Tuesday, January 02, 2007

Let the spin begin

The White House is putting out its version of the Iraq strategy review, courtesy of the New York Times.

The major news here is that General George Casey, the top military commander in Iraq, may be moved out of the post by March -- several months earlier than planned.

As well, there's this frank assessment of what happened to the administration's strategy:

In interviews in Washington and Baghdad, senior officials said the White House, the Pentagon and the State Department had also failed to take seriously warnings, including some from its own ambassador in Baghdad, that sectarian violence could rip the country apart and turn Mr. Bush’s promise to “clear, hold and build” Iraqi neighborhoods and towns into an empty slogan.

This left the president and his advisers constantly lagging a step or two behind events on the ground.

“We could not clear and hold,” Stephen J. Hadley, the president’s national security adviser, acknowledged in a recent interview, in a frank admission of how American strategy had crumbled. “Iraqi forces were not able to hold neighborhoods, and the effort to build did not show up. The sectarian violence continued to mount, so we did not make the progress on security we had hoped. We did not bring the moderate Sunnis off the fence, as we had hoped. The Shia lost patience, and began to see the militias as their protectors.”

Hmmm. Pretty much what everyone outside of 1600 Pennsylvania Avenue has been saying for quite some time.

Other than that, however, the article is mostly devoted to giving the administration's version of the Iraq debate. If you believe them, the current strategy was Casey's, and Bush has had doubts for a year or more. Finally those doubts grew strong enough that he ordered a complete strategy review in September -- on his own initiative, not because of political pressure.

Note the subtext: Bush saw things clearly; his only failing was (understandably) placing too much faith in his general. Bush was not forced to review his Iraq strategy; he moved with clear-eyed deliberateness. End result: Bush gets let off the hook for what has happened in Iraq, and Casey is the fall guy, along with Donald Rumsfeld.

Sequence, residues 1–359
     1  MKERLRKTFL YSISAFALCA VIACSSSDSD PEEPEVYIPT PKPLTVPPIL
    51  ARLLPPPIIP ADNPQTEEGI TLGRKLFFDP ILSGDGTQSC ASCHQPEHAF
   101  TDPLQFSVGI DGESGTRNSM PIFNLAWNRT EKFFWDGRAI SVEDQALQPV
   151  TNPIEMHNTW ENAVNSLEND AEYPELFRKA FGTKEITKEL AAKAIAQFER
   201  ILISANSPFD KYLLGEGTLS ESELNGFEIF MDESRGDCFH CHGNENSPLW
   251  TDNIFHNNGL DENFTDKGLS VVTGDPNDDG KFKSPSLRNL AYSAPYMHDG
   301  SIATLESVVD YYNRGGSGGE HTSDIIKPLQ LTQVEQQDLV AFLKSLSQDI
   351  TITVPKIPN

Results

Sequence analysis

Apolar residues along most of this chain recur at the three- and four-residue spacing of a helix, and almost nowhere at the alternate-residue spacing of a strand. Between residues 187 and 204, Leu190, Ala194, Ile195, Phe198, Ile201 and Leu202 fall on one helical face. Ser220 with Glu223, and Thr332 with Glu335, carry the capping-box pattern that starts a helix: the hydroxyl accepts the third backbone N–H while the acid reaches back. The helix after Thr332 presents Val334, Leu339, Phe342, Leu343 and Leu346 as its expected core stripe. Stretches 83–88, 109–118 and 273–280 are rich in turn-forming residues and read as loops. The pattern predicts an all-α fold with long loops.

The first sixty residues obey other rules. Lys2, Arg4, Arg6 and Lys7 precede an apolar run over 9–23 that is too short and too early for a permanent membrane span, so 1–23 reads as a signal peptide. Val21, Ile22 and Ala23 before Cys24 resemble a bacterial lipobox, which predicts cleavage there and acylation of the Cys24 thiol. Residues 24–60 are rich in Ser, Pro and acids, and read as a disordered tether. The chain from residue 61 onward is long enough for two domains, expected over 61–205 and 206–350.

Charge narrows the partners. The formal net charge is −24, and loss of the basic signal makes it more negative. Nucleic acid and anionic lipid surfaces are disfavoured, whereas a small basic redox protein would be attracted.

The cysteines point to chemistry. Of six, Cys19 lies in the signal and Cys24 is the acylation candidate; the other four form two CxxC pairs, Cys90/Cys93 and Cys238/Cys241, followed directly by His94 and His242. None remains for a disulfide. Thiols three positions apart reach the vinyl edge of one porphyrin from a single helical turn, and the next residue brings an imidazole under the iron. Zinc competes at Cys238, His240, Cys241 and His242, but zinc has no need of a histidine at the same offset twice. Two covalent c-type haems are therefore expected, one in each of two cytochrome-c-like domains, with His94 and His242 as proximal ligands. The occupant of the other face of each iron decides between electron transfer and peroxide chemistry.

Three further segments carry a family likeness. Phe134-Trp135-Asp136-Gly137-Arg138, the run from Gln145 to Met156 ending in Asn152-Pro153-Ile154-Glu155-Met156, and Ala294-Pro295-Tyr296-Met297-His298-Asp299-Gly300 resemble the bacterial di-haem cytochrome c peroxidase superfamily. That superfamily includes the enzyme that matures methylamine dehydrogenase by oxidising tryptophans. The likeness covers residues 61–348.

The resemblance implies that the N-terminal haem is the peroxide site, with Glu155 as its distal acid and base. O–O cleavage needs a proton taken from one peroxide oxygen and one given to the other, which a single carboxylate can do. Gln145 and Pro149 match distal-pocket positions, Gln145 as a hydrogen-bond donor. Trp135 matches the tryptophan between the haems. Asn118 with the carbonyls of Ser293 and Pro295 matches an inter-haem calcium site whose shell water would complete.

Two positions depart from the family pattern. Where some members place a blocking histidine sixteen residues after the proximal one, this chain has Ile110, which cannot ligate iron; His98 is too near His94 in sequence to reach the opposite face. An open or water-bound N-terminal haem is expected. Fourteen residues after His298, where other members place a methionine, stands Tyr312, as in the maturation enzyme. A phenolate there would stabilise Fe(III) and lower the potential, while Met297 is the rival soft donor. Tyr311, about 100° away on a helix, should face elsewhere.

But given Bush's own statements and policy decisions, this seems to be a clear case of attempted hagiography. He constantly insisted that the war was being won. Every time a spasm of violence ended, he cited it as progress -- until the next, even worse spasm occurred. He steadfastly resisted calls to either send more troops or increase the size of the military or even define how what he was doing was achieving anything other than bloody stasis amid a widening sectarian war. He insisted on "victory", but repeatedly resisted providing the resources and strategic route that might have achieved it.

Does Casey bear some responsibility? It's reasonable to assume so, but we'll only know for sure when the Bush administration records are made public 25 years from now. His plan seems reasonable, had it been adopted quickly and with adequate resources. But it also seems that his reports to Bush suffered from both the traditional military "can do!" attitude -- which led to overly sunny analyses -- and a cognizance of military limitations that Bush himself had not yet (and perhaps has not yet) fully embraced.

But to suggest that the problem was Casey's ignores both Bush's own actions and his ultimate role as commander in chief. At some point an observer must conclude that Bush is either the problem directly, or alarmingly dependent on advisers who he is hideously bad at choosing.

Either way, his credibility is shot.

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